Why I still write about hemophilia, even though my sons are adults

A new phase of life prompts reflection and a shift in focus

Cazandra Campos-MacDonald avatar

by Cazandra Campos-MacDonald |

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My sons, Julian and Caeleb, are adults living with hemophilia. Julian is 28 years old, and Caeleb is 18.

Having adult children is a new phase of life for me. While Julian is out on his own chasing the next audition, Caeleb is preparing to begin his college career. It’s an exciting time as I watch them both find their way in the world. I’m their biggest cheerleader. This new chapter, however, also makes me reflect.

What’s left to be said?

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Shifting my focus

Over the years, I’ve used writing to process the ups and downs of raising sons with a bleeding disorder. I began a blog in 2006 out of loneliness. I didn’t expect anyone to read my thoughts; there was just something freeing about putting my feelings and struggles out into the world. I processed each bleed, inhibitor diagnosis, hospitalization, and surgery by putting my thoughts on the screen. This practice helped me navigate hemophilia and inhibitors.

Writing became my lifeline, a way to make sense of the chaos and find a semblance of control in situations that often felt overwhelming. Through my writing, I not only found solace, but I also connected with a community of parents and individuals living with bleeding disorders who understood the rare challenges we faced. Their support and shared experiences provided comfort and validation, making me feel less alone on this journey. These people became part of my family.

As I watch my sons step into their own lives, I find myself revisiting those old blog entries and columns. Each post is a testament to our resilience, a chronicle of our journey together. Julian’s relatively smooth path and Caeleb’s more challenging road have shaped them into the strong, independent young men they are today. Their different struggles have also shaped me, even though I never imagined a life filled with needles, ports, and factor.

At this new juncture, I question whether I have more to say about my journey in the world of bleeding disorders. My sons aren’t having regular bleeds or complications, for which I’m grateful. But what I’ve realized is that there will always be a newly diagnosed family that needs support. Parents on journeys eerily similar to my own may need a listening ear or a shoulder to cry on.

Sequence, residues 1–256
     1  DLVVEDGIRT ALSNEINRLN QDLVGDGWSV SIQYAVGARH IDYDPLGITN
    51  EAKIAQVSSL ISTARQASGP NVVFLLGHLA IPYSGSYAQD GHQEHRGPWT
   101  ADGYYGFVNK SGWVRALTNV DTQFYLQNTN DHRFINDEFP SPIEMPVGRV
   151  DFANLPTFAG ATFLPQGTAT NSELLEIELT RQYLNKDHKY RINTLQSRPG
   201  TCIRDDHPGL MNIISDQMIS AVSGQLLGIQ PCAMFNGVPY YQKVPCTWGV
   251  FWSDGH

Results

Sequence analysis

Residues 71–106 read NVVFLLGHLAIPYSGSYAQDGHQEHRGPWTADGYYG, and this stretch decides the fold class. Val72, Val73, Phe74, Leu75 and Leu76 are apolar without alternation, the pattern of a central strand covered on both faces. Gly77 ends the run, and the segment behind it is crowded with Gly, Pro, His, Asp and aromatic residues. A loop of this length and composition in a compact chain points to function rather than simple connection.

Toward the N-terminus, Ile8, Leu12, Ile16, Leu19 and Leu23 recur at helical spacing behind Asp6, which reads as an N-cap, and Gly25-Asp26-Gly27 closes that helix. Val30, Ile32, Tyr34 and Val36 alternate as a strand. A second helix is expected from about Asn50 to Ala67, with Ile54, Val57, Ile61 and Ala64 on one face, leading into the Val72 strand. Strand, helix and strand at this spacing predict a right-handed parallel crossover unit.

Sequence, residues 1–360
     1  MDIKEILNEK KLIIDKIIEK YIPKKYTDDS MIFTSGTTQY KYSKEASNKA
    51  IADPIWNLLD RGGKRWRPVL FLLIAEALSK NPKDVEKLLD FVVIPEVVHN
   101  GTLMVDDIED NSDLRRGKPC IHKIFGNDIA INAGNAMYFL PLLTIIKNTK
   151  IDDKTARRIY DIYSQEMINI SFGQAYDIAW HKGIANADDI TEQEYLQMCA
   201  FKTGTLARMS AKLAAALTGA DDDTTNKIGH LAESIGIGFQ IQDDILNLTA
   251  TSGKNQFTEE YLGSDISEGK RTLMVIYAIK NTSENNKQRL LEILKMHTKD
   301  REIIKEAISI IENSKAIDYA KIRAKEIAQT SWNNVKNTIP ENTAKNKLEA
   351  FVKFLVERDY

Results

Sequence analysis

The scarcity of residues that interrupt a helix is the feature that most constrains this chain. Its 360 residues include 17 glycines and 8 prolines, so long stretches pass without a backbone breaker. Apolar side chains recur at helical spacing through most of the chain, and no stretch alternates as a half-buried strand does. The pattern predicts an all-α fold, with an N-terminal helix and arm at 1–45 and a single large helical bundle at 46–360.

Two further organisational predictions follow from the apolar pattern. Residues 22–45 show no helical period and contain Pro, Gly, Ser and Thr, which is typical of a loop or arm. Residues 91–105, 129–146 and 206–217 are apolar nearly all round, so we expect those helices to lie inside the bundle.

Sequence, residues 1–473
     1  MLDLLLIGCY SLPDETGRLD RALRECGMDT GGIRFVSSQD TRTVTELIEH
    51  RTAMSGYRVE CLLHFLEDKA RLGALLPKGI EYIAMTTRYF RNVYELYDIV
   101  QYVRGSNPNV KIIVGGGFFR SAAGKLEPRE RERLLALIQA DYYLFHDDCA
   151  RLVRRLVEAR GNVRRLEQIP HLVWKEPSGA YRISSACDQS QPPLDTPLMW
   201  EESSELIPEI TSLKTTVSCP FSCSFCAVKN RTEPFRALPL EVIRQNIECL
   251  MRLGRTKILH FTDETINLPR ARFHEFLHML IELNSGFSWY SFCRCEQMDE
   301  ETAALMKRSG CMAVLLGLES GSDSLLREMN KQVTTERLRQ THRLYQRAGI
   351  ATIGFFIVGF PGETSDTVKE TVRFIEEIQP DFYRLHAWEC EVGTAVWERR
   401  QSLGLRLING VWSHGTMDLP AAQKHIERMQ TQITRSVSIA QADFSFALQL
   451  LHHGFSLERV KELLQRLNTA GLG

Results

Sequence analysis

As I continue to write, my focus shifts. It’s no longer just about processing the difficulties of hemophilia, but also about celebrating the milestones and victories. It’s about embracing this new phase of motherhood, where my sons’ independence is a source of joy and fulfillment. Their achievements, big and small, fill me with a sense of pride and optimism for the future.

In this time of reflection, I realize that my role is evolving. I’m no longer the constant caregiver but rather a steadfast supporter, cheering my sons on as they pursue their dreams. Julian’s passion for acting and Caeleb’s anticipation of college life are a source of great excitement.

This journey has taught me the power of resilience, the importance of community, and the beauty of unconditional love. I’ll always be my sons’ biggest cheerleader, ready to support them through every high and low. And through it all, I’ll keep writing.

Writing has been my tool for capturing the moments that define our extraordinary journey together, and I’ll continue to use it to reflect, share, and connect.

Note: Hemophilia News Today is strictly a news and information website about the disease. It does not provide medical advice, diagnosis, or treatment. This content is not intended to be a substitute for professional medical advice, diagnosis, or treatment. Always seek the advice of your physician or another qualified health provider with any questions you may have regarding a medical condition. Never disregard professional medical advice or delay in seeking it because of something you have read on this website. The opinions expressed in this column are not those of Hemophilia News Today or its parent company, Bionews, and are intended to spark discussion about issues pertaining to hemophilia.


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